The advice was ignored and the US made deals all over Afghanistan only with commanders associated with the Shura-e-Nazar. This council was formed by the late Ahmad Shah Massoud of the anti-Taliban Northern Alliance that was made up of mostly non-Pashtun groups.

The result was that the powerful commanders associated with the Hezb-e-Islami Afghanistan led by Gulbuddin Hekmatyar and those who were allied with the Taliban were overlooked and then melted into the Taliban-led insurgency.

A good example of this is the most powerful commander in the Kunar Valley, Haji Kashmir Khan. He welcomed the defeat of the Taliban in 2001 and went to Kabul along with his loyalist commanders to greet Hamid Karzai, the new president.

However, being a close aide of Hekmatyar, he was not given any positions in Kunar - these went to rival commanders associated with the Shura-e-Nazar. Khan returned disgruntled to his sanctuaries in the mountains and to this day he is Hekmatyar's main protector. Hekmatyar has regrouped the scattered command of the Hezbe-e-Islami and they have carried out several successful operations and form an important part of the insurgency.

In addition, over the years a new generation of fighters has taken over command in many areas. They are ultra-conservative and make a mockery of Biden's claim that 70% of the Taliban could be bought off.

Mian Raza Rabbani, the leader of the House in the senate and a top member of the lead party in the ruling coalition, the Pakistan People's Party (PPP), this week resigned. He was apparently miffed after a close friend and a new entry in the PPP, Farooq Naek, was nominated as the party's candidate for the position of chairman of the senate.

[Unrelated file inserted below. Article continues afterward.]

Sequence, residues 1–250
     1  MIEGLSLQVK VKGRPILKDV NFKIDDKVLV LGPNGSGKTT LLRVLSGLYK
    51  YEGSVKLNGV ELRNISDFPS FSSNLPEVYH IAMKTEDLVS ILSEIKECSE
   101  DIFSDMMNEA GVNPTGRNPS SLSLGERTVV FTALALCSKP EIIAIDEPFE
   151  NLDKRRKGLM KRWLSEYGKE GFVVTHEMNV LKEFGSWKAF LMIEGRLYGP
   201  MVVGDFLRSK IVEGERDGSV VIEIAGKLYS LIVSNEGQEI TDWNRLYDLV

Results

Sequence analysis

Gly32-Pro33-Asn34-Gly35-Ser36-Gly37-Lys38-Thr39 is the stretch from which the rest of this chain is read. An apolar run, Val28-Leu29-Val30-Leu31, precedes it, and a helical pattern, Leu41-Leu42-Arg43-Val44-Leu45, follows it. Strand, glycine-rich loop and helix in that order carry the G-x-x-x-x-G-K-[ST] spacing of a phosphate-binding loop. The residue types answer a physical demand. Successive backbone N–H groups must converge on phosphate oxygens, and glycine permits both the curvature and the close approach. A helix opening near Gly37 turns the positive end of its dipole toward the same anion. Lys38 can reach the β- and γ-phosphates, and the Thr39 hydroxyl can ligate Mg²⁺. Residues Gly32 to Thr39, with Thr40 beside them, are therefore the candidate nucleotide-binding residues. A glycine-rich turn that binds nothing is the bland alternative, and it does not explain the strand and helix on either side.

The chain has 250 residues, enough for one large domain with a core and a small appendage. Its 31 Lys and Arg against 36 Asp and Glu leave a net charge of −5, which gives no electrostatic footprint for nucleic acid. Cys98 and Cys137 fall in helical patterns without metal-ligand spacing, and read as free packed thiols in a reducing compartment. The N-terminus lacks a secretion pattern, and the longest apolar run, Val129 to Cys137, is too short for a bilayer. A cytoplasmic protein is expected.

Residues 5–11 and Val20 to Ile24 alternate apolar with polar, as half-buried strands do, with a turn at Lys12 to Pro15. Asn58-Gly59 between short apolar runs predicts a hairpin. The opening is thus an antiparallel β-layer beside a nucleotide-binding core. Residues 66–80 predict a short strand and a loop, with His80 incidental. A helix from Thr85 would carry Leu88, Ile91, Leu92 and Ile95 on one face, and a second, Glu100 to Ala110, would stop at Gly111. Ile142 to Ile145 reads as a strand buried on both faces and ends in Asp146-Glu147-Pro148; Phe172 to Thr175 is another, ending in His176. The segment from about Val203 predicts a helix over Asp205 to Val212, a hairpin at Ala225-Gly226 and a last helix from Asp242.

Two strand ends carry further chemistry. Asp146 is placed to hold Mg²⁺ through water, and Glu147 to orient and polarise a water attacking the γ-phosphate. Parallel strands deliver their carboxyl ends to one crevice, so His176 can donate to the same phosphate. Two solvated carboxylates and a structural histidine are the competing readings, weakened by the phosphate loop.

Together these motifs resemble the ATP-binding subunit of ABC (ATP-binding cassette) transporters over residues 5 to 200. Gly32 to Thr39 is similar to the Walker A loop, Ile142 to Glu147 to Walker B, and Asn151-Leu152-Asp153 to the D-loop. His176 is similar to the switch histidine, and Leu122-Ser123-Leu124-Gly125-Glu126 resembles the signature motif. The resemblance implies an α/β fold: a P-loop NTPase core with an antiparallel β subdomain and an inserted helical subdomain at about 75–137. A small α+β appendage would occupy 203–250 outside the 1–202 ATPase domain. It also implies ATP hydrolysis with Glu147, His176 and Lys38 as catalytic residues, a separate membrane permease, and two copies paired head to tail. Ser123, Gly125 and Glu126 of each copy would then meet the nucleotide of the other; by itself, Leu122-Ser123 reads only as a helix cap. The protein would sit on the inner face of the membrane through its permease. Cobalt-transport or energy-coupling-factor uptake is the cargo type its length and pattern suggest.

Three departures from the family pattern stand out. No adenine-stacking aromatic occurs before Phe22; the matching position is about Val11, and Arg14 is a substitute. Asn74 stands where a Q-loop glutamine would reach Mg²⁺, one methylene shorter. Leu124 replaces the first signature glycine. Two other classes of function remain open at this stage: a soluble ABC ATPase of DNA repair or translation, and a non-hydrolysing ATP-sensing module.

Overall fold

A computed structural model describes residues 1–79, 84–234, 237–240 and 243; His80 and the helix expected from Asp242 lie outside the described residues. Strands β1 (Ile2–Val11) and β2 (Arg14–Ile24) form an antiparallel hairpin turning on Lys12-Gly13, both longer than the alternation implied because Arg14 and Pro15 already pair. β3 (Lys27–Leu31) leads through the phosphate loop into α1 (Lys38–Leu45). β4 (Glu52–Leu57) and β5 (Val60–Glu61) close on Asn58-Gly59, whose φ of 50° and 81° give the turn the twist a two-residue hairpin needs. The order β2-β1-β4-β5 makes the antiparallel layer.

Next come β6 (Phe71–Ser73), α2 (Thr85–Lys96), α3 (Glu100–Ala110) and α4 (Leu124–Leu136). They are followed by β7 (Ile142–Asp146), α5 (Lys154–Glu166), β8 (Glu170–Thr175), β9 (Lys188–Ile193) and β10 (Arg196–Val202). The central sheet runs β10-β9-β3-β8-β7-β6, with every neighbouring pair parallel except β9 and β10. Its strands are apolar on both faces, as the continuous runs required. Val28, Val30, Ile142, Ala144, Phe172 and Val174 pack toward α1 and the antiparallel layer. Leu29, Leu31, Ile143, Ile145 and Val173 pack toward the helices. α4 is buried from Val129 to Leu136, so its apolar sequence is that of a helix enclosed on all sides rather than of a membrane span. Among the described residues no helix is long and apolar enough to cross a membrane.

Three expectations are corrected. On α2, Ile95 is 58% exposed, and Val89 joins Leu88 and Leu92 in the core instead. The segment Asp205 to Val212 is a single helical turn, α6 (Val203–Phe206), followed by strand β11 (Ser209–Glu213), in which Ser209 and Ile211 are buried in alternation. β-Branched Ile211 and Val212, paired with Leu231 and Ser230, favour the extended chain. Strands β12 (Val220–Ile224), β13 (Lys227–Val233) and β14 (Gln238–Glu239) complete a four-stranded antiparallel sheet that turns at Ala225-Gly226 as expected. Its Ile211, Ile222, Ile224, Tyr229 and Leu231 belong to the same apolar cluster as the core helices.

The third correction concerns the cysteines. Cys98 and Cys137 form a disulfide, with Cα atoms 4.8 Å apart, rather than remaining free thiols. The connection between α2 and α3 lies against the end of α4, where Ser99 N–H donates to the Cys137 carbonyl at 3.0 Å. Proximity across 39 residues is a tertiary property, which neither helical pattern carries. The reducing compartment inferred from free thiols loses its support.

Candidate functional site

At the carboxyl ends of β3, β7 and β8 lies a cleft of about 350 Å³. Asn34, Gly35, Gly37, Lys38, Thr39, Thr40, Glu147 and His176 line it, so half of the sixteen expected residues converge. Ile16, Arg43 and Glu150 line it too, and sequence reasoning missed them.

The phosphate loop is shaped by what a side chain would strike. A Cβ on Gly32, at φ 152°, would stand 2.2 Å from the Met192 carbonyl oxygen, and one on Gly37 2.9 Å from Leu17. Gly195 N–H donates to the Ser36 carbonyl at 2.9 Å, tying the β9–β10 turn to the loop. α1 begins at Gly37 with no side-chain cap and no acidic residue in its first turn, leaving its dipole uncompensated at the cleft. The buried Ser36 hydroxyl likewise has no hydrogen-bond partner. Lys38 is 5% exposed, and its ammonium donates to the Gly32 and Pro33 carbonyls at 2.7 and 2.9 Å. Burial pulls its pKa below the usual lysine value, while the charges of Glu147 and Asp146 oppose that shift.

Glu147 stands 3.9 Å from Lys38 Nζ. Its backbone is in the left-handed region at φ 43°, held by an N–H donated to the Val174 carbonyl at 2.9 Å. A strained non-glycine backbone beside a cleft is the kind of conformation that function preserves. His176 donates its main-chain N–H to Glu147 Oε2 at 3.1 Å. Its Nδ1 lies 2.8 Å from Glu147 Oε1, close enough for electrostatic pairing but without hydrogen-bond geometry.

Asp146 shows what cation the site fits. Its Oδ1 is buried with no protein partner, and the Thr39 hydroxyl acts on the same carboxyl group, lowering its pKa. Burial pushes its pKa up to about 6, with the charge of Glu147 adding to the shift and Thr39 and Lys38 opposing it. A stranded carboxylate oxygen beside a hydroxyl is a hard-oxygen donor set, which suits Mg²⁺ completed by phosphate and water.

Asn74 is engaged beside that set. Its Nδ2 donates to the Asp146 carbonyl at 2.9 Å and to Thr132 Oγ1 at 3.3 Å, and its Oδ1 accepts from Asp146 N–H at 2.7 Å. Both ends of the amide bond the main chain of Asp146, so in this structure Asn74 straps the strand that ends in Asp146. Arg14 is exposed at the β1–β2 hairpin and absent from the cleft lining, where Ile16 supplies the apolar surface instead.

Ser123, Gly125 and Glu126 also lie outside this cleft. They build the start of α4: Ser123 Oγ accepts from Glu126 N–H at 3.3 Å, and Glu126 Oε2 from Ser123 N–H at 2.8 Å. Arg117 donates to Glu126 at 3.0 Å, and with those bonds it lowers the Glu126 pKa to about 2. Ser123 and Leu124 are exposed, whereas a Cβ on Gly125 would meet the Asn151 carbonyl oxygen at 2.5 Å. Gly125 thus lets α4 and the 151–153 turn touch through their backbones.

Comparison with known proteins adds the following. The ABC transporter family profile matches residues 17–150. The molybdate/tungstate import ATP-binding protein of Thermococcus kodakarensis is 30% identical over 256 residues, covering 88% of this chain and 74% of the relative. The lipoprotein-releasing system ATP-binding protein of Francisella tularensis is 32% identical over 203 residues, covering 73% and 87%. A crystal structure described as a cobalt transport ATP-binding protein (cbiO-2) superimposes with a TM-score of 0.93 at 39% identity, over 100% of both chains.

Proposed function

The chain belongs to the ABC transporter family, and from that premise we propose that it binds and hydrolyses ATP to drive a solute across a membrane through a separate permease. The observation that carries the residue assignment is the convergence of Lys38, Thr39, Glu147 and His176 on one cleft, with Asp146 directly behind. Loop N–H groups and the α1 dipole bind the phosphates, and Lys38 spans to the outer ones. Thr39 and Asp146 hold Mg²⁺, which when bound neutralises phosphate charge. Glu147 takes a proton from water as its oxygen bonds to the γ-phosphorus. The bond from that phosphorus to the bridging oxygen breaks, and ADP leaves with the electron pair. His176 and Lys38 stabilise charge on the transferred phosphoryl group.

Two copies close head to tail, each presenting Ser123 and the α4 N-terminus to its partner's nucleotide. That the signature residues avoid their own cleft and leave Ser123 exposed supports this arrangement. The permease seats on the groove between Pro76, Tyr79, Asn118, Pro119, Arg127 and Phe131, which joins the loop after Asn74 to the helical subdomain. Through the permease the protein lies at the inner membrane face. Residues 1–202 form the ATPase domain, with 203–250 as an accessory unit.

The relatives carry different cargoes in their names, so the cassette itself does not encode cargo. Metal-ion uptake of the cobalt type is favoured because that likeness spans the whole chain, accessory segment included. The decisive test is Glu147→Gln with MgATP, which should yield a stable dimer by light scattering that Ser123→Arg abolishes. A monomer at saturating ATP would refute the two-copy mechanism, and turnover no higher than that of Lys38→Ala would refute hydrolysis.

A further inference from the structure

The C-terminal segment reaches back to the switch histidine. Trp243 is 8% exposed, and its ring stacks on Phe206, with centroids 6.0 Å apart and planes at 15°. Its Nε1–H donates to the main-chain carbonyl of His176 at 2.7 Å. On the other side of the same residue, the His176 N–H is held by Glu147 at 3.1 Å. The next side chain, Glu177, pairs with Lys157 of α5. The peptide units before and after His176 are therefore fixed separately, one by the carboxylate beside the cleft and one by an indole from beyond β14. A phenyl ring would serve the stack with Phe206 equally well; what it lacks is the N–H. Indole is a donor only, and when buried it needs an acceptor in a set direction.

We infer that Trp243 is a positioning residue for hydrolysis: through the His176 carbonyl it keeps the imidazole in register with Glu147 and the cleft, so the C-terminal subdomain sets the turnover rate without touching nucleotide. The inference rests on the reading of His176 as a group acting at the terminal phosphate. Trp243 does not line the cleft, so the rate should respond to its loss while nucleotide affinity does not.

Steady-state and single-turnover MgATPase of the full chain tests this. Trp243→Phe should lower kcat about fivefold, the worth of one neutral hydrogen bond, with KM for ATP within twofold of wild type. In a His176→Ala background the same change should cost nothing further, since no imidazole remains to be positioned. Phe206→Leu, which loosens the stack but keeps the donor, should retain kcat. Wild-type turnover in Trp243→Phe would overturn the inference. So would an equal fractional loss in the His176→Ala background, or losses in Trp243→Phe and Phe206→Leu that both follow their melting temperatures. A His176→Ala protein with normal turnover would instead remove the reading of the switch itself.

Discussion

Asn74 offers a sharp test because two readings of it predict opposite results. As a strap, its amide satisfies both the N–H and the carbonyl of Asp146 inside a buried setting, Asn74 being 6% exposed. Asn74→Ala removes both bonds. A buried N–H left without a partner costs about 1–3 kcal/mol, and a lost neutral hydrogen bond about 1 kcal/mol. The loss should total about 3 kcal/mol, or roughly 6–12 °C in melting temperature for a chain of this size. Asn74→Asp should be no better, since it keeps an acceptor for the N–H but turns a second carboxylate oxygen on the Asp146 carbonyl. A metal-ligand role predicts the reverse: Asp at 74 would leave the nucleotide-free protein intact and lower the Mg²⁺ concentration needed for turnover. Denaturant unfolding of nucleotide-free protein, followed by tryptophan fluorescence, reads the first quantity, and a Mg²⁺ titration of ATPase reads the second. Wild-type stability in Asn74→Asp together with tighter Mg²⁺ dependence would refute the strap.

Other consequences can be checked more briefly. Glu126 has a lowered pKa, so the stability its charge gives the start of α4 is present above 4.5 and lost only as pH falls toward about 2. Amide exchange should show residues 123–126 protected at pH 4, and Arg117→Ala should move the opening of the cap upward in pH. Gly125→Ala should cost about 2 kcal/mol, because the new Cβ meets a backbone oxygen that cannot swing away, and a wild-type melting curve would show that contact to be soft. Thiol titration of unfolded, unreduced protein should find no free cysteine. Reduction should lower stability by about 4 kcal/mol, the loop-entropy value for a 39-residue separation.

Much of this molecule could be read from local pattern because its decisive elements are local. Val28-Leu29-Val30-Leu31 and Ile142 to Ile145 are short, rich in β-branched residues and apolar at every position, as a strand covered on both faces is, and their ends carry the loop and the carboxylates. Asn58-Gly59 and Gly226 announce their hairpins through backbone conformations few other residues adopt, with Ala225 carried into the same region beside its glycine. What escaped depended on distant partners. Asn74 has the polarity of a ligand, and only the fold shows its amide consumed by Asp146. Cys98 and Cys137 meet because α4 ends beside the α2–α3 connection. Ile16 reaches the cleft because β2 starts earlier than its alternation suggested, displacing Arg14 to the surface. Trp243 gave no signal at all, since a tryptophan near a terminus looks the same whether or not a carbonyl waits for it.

This has been interpreted as the first major sign of dissent against the leadership of Zardari, who has already developed a series of differences with Prime Minister Syed Yousuf Raza Gillani, another senior leader of the PPP.

This inter-party unrest could not come at a worse time, given the troubles on the streets with anti-government elements and the rampant militancy in the tribal areas. In effect, all state operations are crippled, including Pakistan's commitment to the "war on terror". The gridlock in Islamabad directly affects neighboring Afghanistan as all containment strategies against the Taliban, directly and indirectly, have to be routed through Pakistan.

The military, due to its extreme unpopularity during the eight-year Musharraf era that ended in 2007, is unlikely to be in any position for "adventurism", such as a coup.